Workshop for Part 7

Workshop Part 7

WORKSHOP VIDEO PART 7: Children and Sacrifice

In Video Part 7 Itamar talks about how his father urged him to fight with the Israeli army in Lebanon, as being safer than going to prison for refusing to fight. Bassam talks about how easy it would be to avenge his daughter’s death by killing Israelis. But his other children would then be fatherless with no-one to guide them.

They both talk about the horror of living with the stain of blood on their hands. Jessica Benjamin describes how Itamar is not able to dissociate killing from loving. Jessica introduces the notion of ‘transgression’ against national or revolutionary collective narratives, which honour and reward sacrificing oneself or ones children through killing or dying.

Learning Objectives:

  • To learn from our two protagonists that being sent to die, or to kill for your country does not benefit individual, family, or country.
  • To learn that as dead warrior-heroes, besides sacrificing themselves, they will have abandoned and sacrificed their children; and as surviving warrior-killers they become the traumatised victims of their governments’ warmongering.


  • The importance of governments to engage Ethical Mindsets and provide a secure base of hospitality and care, within a democratic and just culture which extends to their neighbours; all peoples survive and flourish together.
  • In the absence of a secure base the politics of fear dominates social and economic policies and encourages war-mongering.

Issues to Explore:

  • What process have Itamar and Bassam undergone to refuse to sacrifice themselves, or children? What is the meaning of sacrifice in this Video Part?
  • How do you understand Itamar’s father’s fear of what might happen to Itamar as a ‘refusenik’?
  • Why is Itamar unable to imagine caressing someone with his blood stained hands, and Bassam is not able to look at blood?
  • Explore the difference between sacrificing yourself by being killed, sacrificing yourself by killing someone else, and sacrificing the younger generation for your ideology.
  • When a father sends a child to military service, who or what is being sacrificed?
  • What does Jessica Benjamin mean by the statement, “…revolutionary movements sacrifice their children? Is this true for statutory armies?

Facilitating the Workshop:

  1. Think through the different concepts of sacrifice, starting with willingness to kill to prove loyalty (Abraham/Ibrahim).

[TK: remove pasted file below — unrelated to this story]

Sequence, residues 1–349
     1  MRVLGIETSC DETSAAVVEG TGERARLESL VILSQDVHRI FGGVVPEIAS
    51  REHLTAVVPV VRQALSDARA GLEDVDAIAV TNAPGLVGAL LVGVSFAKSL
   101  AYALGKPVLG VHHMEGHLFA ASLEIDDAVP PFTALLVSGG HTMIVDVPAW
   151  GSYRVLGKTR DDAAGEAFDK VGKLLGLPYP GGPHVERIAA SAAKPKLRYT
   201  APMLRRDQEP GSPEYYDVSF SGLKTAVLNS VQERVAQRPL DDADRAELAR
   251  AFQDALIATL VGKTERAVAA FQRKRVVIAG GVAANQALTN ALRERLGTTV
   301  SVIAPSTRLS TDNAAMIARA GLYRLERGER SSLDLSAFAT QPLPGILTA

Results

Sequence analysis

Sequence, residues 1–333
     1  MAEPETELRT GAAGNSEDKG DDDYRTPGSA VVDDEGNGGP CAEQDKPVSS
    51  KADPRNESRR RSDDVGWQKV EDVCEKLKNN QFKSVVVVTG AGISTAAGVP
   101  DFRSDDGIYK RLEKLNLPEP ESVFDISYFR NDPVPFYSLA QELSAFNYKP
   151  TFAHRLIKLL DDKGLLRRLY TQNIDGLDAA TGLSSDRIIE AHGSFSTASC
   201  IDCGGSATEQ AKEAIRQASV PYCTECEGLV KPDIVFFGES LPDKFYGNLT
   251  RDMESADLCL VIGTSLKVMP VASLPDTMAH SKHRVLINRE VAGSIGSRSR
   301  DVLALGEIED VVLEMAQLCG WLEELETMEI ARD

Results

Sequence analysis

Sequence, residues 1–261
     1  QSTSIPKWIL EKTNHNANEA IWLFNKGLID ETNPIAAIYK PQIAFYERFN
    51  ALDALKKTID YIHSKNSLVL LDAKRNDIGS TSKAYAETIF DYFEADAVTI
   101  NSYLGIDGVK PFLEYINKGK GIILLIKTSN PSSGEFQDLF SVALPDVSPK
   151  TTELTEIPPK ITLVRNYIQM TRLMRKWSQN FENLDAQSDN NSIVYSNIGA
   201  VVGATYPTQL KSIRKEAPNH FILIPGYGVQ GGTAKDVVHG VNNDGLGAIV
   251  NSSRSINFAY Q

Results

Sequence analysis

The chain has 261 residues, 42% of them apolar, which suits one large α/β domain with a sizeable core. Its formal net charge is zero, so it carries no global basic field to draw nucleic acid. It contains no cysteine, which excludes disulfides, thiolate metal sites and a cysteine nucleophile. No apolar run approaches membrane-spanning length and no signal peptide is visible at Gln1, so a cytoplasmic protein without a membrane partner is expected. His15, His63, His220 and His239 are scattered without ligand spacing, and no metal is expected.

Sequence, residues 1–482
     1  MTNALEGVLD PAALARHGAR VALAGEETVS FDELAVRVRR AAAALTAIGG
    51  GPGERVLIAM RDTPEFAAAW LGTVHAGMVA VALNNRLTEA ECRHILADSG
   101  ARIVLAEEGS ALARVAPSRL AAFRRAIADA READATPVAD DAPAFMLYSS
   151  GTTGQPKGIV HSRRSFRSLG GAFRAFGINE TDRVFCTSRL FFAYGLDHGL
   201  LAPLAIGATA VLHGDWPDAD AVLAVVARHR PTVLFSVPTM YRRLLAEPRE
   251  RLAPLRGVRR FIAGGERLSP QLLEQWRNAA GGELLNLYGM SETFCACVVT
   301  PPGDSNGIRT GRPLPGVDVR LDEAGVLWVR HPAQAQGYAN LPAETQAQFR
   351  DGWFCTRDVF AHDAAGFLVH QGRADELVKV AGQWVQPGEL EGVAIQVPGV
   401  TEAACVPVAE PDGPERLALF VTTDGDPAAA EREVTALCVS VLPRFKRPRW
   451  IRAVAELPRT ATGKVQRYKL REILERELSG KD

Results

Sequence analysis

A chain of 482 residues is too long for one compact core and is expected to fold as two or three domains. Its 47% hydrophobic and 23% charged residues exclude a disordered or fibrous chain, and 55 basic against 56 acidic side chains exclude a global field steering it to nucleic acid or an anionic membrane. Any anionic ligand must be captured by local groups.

The group might be encouraged to look at the function of ‘sacrifice’ to prove loyalty or submission by looking at accounts of what is expected of Abraham and Isaac in the Torah, and Ibrahim and Ishmael in the Quran.

  1. Next consider sacrifice for ‘the greater good’ (Jesus Christ).

    The group could look at the story of Jesus Christ in the New Testament, in which the father was willing to kill and the son was willing to die to save the world. Encourage the group to look at this story in relation to mandatory conscription to save the country.

  1. Now think about the principle of non-violence, and refusal to fight, by looking at World War I when women handed out white feathers to non-combatants.
  1. Consider the idea of being a warrior as heroism and refusing to fight being cowardice.

    Suggest that the group look at the proposition from this viewpoint, and then reverse the statements.

  1. Where would you place sacrifice and refusal to sacrifice on The Ethical Mindset diagram?


Blood stain metaphor

Blood Stain Metaphor

Bassam’s and Itamar’s reaction to blood reminds us of Lady Macbeth’s ‘Out damn spot’ response to her part in killing. She is punished with guilt, anguish, madness, and eventual suicide. Likewise the stain on Cain’s head after killing Abel. The ‘blood stain’ is a metaphor which represents the horror of killing.



Denial is probably one of the best known defence mechanisms, used often to describe situations in which people seem unable to face reality or admit an obvious truth (i.e. "He's in denial."). Denial is an outright refusal to admit or recognize that something has occurred or is currently occurring. Drug addicts or alcoholics often deny that they have a problem, while victims of traumatic events may deny that the event ever occurred.